Today we did something we don't do very often - we hiked in the mountains. For us hiking is almost always in the city, the closest we get to nature normally is walking along the Bow River near our house or maybe we might venture to Glenmore Reservoir for a walk with friends.  

However, an invite from friends to come out to Canmore for our regular first Sunday dinner and hike the next day was something we couldn't refuse. 

After a hearty breakfast, a couple of cups of coffee, water bottle filled and sandwiches made we headed out and were on the trail by 10 am.  Lucky for us as who knew how busy the trail would get by noon hour.  


No we didn't climb this mountain but we found people who were climbing up rock faces like this one.  It was a beautiful day in Rockies. 

Grassi Lakes was designated as one of Alberta's Special Places in 2000.  It is named after Lawrence Grassi who emigrated to Canmore in 1912.  While he worked in the coal minds his real love was mountain climbing.  He is said to have been the first person to climb Mount Assiniboine in 1925.  He was an avid trail builder, moving huge stones single-handley to construct steps, bridges or simple stepping stones.  Grassi Lake trail is his signature mountain trail and evidence of his work can be found in several places along the trail. 

A view of the trail and one of the rustic benches along the way.  It is hard to imagine how Lawrence Grassi could have envision a trail up to the lakes through the virgin forrest a 100 years ago. Let alone build it! 

Grassi Lakes trail is a moderate walk with a 250 meter elevation gain and a round trip of 3.8 km.  Along the route you get to enjoy spectacular views of the Bow River valley at Canmore and the Canadian Rockies.  At the top are two colourful crystal clear lakes which make a great place for a picnic.  

The rock cliffs surrounding the upper lake is a very popular spot for rock climbing which is fun and amazing to watch. A short scramble above the upper lake takes you to a short canyon hike and  a very close look at two genuine petroglyphs on a large boulder.   

I have to admit you don't get this kind of scenery or animation walking along the Bow River.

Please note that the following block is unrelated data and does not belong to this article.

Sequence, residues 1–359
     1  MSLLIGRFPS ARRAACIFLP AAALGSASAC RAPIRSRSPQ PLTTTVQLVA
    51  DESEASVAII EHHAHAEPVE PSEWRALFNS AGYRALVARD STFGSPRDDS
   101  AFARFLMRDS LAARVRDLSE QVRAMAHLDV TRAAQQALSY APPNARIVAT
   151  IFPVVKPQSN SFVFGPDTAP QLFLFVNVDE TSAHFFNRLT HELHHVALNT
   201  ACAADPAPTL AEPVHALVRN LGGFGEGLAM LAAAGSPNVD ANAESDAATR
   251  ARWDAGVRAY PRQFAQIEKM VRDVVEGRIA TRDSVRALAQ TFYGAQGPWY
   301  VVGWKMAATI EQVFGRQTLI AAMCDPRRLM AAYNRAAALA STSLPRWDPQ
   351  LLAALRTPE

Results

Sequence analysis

A view of the lower lake takes your breath away. It is magical, surreal and enchanting all at the same time. You can see why this was named an Alberta Special Place in 2000.  What took them so long? 

A postcard view of the upper Grassi Lake with its crystal clear aquamarine colour water.  Yes it looks surreal. 

A group of rock climbers at the upper Grassi Lake.  This was just one of about five or six groups showing off their death defying skills. 

The start of the trail up the canyon to the top. 

This is the better of the two petroglyph images.  There was lots of speculation about how it got there and who did it by the people looking at it.  To me it looks like a drum dancer. 

We were lucky we got to top before the lunch crowd as the trail was extremely busy as we descended.  People and dogs of all shapes and sizes where heading up as we headed down. On the way up I had identified a piece of weathered wood that I thought would make a great addition for the garden back home.  I don't think my hiking companions thought I would carry it out - wrong. I knew where it was and I knew how to carry it out.  I got lots of funny looks and comments as I headed down with the wood wrapped around my head, but it was worth it.  I have to have a great souvenir of the day.  I love to get a souvenir from each and every trip we take. I am addicted to the "thrill of the hunt."  

Yes this is me carrying my piece of wood down the trail to take home for our garden.  Who could pass up a treasure like this one?

As part of the climb we got very close to this waterfall and there are several places where you have to cross small streams / waterfalls.  For a moderate walk, easy climb Grassi Lakes has a lot to offer.   

This photo gives you a sense of the wonderful vistas you get of the town of Canmore, the  mountains and the valley along the trail.  

If you like this blog you might like: 

Discouver Calgary's Secret Heritage Trail 

Forensic Walks In Calgary  

Calgary: City of Parks & Pathways  

George Webber: Prairie Gothic Images

Being an everyday tourist